The Art of Giving
by Jennifer Mogensen
There is no need to check the list twice.
Every year it seems that the same old gifts get re-wrapped and re-gifted: socks, travel coffee mugs, khaki pants, perfume. There is no thought or effort required in holiday shopping anymore. All it takes to complete your shopping list is a quick trip to the mall, a roll of wrapping paper from Walgreen’s, and a bow.
Is that what the holidays have come to?
In this world of increasingly impersonal communication, perhaps it’s time to reach out this season and make a very personal connection. This year, eschew the big-box stores with their mass produced and generally generic fare and opt for art instead.
The idea of buying and giving art may seem frightening. The very definition of art can be rather elusive.
According to Merriam-Webster, art is defined as the conscious use of skill and creative imagination especially in the production of aesthetic objects.
The keys words of the definition—conscious, creative, and imagination—are of the upmost importance when searching out the perfect piece for a particular person.
A photograph, a piece of handmade jewelry, an oil painting, a wood craving—art is personal and subjective. Art can make a connection, it reaches out, it touches and it is remembered.
Nancy J. Parisi, an artist, photojournalist, and journalist working and living in Buffalo, feels that giving art is very personal.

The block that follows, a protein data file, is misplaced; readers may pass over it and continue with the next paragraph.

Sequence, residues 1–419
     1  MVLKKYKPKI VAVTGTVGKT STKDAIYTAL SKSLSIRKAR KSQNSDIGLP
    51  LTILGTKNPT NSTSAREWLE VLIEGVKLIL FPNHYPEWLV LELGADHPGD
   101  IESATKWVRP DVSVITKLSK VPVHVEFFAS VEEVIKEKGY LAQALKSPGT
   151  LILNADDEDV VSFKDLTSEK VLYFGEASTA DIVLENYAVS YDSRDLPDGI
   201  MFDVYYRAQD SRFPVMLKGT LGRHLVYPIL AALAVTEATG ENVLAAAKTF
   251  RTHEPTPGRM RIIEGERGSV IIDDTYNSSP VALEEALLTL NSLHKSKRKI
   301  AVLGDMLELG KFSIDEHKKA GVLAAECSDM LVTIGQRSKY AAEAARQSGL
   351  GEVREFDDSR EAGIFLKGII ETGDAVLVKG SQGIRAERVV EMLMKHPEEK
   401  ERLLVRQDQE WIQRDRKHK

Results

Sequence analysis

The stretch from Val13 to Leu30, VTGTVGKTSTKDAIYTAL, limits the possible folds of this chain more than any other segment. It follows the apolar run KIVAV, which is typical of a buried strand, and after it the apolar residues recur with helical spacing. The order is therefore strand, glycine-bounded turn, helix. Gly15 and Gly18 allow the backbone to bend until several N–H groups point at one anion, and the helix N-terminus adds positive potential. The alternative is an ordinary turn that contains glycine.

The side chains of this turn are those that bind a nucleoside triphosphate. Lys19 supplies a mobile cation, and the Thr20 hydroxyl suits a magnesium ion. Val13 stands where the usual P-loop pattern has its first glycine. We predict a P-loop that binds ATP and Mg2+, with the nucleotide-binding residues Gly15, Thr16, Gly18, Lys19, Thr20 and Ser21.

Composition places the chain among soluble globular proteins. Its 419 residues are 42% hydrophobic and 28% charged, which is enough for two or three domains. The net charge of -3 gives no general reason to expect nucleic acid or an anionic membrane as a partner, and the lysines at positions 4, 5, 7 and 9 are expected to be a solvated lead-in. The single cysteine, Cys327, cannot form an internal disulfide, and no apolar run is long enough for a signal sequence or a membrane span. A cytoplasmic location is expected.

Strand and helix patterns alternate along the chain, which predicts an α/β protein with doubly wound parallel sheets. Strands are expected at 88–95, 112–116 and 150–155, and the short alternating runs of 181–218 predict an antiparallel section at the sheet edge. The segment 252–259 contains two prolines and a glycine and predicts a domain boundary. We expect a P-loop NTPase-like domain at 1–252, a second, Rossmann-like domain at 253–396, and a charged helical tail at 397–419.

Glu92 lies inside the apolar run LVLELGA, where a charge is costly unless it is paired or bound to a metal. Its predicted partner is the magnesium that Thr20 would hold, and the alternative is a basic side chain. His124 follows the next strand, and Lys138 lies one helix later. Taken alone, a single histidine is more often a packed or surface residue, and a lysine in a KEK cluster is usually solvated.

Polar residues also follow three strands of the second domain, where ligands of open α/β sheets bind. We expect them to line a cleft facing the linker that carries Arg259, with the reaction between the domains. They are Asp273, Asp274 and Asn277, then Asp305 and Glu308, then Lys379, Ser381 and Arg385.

The piece that is chosen should be significant to both the giver and the receiver of the art.
“It has to impart feeling or a message—an obvious stated message or a more obscure and poetical one,” Parisi says.
Artist and illustrator Alix Martin agrees with Parisi that the gift of art is a thoughtful gift. It can take a bit of time, energy, and love to acquire the right piece of work for the right person.
Martin believes that finding out more about the person you are buying for is essential if you want your gift to have that wow factor when it is unwrapped. She recommends having a conversation with those loved ones on your list to find out more about their likes and dislikes. She also recommends attending art shows together and taking mental notes as to their preferences.
When finally picking the piece, Martin says, “You will find yourself having to be mindful of that friend or spouse and you will probably learn something new about your loved one.”
Giving art is not just about sharing something unique and special with those close to you; art as a gift provides its own unique sense of satisfaction to both the giver and receiver.
“When you give local art, it’s awesome to know that everyone of the pieces was created by an artist, with all the time, love, and energy it takes to produce,” Martin says.
Parisi also feels a strong connection to those who purchase her art and to those she gives her art to.
“I like to frame my own work and have been known to sneak little messages behind mat board or on the backside of the print,” says Parisi. “It’s like a little secret between me and the purchaser of my work.”